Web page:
-Peter
I'd guess it's a 10-car from the number if engines, so with only one they won't be moving quickly but at least should be able to move
 

30907

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From RTT: 1703 suffered serious problems, looks as if 1-2 others were held back until it was clear of the section and then ran at reduced speed through Dawlish.
 

pdq

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As per the Train Technical Specification:

TS1983 Full Functionality of the IEP Trains must be maintained during and after exposure to salt water spray

Now I'm not a contract specialist but that seems like a pretty explicit requirement that they should be able to run through Dawlish when there's salty water in the air without failing!
I guess there's 'salt water spray' and there's tonnes of seawater being thrust onto a train.
 

swt_passenger

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I imagine longer term the part of the wall that is normally worst affected (not the bit NR are currently working on) but the bit on Exeter side of dawlish station will have to be raised as well. I hope Hitachi will foot the bill and not taxpayers!!!!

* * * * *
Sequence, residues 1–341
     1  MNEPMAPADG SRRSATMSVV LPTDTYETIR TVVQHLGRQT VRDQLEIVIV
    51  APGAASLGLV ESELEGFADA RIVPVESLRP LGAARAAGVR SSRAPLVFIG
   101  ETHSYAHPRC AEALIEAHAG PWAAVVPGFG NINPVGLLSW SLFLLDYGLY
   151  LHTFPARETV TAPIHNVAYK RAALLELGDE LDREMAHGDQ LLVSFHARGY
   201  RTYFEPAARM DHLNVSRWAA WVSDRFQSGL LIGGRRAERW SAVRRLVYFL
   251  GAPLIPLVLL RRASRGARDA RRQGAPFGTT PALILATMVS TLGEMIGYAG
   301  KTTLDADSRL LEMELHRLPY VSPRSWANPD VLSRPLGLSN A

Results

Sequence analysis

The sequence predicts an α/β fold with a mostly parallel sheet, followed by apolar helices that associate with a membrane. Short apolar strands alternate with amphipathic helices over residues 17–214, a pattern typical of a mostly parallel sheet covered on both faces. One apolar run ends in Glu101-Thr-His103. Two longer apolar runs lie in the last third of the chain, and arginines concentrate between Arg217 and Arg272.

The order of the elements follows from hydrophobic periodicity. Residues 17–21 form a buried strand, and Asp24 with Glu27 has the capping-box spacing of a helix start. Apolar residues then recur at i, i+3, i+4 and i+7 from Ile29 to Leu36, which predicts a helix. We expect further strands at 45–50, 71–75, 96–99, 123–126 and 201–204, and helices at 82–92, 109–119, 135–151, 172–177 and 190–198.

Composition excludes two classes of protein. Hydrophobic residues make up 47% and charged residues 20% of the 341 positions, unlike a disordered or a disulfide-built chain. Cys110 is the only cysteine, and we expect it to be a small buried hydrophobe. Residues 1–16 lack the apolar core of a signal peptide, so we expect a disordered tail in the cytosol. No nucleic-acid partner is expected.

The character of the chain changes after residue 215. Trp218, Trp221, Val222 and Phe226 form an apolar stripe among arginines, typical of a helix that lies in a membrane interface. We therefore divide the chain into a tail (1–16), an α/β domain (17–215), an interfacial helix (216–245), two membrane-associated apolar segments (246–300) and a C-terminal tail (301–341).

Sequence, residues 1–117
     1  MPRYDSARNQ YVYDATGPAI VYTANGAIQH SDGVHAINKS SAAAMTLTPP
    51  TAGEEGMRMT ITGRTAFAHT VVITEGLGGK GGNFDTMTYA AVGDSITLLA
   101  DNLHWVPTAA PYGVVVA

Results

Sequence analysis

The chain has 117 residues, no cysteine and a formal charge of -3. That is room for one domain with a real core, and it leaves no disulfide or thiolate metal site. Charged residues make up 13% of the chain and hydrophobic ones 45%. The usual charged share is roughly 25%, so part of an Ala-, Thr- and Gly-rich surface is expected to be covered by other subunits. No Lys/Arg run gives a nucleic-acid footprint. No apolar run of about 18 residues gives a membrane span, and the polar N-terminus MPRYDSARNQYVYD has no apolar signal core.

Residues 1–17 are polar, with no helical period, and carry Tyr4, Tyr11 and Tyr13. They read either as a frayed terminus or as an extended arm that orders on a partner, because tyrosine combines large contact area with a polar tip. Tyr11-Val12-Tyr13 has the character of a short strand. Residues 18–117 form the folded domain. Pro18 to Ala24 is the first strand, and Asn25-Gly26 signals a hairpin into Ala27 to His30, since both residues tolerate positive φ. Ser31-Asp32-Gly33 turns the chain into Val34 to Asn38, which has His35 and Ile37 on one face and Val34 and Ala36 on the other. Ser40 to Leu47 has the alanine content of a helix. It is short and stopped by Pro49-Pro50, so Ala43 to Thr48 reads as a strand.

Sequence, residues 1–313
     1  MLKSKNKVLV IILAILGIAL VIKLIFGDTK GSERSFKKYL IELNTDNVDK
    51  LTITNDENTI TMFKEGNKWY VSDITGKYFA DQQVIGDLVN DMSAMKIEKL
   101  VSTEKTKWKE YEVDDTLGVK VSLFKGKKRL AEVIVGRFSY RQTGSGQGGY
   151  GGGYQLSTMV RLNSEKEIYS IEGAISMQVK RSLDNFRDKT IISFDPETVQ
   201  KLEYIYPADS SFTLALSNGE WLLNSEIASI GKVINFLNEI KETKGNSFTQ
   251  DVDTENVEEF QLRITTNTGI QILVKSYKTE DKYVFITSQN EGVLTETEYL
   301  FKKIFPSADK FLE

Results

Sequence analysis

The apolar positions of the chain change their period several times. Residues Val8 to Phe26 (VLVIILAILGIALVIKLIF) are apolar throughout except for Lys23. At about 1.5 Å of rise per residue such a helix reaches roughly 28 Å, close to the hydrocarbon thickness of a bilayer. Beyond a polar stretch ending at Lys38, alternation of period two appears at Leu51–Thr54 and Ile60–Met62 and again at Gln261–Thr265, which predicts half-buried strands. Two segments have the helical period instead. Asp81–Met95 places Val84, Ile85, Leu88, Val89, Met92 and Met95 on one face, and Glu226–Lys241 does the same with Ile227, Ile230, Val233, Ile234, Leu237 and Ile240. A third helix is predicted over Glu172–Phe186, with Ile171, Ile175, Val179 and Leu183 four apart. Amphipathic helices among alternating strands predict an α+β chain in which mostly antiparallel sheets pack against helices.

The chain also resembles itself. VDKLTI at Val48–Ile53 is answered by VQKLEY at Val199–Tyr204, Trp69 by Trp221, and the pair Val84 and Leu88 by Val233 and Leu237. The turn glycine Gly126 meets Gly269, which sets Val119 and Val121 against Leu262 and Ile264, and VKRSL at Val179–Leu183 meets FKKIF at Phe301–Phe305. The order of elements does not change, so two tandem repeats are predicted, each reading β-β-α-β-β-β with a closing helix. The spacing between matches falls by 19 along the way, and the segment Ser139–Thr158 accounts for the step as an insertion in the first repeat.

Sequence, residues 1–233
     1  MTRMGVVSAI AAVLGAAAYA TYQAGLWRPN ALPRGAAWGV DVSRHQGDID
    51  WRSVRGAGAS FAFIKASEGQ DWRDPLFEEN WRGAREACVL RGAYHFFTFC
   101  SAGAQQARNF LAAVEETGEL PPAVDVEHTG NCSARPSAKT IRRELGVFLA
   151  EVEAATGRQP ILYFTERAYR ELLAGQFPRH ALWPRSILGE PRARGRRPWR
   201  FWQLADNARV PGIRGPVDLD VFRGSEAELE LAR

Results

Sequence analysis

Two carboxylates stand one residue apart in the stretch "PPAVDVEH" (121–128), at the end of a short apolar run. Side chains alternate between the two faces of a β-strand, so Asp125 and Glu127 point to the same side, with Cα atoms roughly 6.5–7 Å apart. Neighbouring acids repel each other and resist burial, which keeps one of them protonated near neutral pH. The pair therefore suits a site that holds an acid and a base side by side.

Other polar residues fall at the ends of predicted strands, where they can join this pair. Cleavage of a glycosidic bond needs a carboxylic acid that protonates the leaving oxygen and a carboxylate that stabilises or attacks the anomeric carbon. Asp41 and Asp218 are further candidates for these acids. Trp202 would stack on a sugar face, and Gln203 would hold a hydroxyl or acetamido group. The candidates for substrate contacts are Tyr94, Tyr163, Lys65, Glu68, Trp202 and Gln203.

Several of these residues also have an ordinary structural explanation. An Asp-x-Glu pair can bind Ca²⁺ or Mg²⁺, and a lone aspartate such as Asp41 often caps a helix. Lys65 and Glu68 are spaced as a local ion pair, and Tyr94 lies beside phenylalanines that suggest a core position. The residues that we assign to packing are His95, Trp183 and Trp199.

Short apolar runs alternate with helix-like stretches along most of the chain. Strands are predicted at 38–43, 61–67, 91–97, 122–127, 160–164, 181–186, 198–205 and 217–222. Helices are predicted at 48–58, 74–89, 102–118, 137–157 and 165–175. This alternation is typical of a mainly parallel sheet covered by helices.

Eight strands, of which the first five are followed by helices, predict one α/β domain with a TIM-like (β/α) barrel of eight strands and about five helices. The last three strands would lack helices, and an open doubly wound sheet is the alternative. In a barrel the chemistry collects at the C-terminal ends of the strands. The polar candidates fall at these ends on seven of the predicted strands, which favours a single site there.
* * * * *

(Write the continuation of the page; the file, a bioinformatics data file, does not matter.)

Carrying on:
Network Rail have already published options for the entire stretch from Exeter to Dawlish. I suspect it falls under NR responsibility as do the stretches currently in hand or undergoing planning approvals.
 
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I guess there's 'salt water spray' and there's tonnes of seawater being thrust onto a train.
Was just going to post the same, salt water spray and a full on wave strike are two different things. I guess it’s all down to the interpretation of spray, but in no one’s book will a spray be a deluge.
 

Bletchleyite

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Any engine will be knocked out if you chuck enough water over it. I guess it's a air intake issue?
Intakes can be designed to avoid water ingress - think the likes of snorkels on Land Rovers. Or boats and ships!

It reads to me like someone missed a trick on the specification, as what happens there is clearly more than spray. Oops.
 

SteveM70

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As per the Train Technical Specification: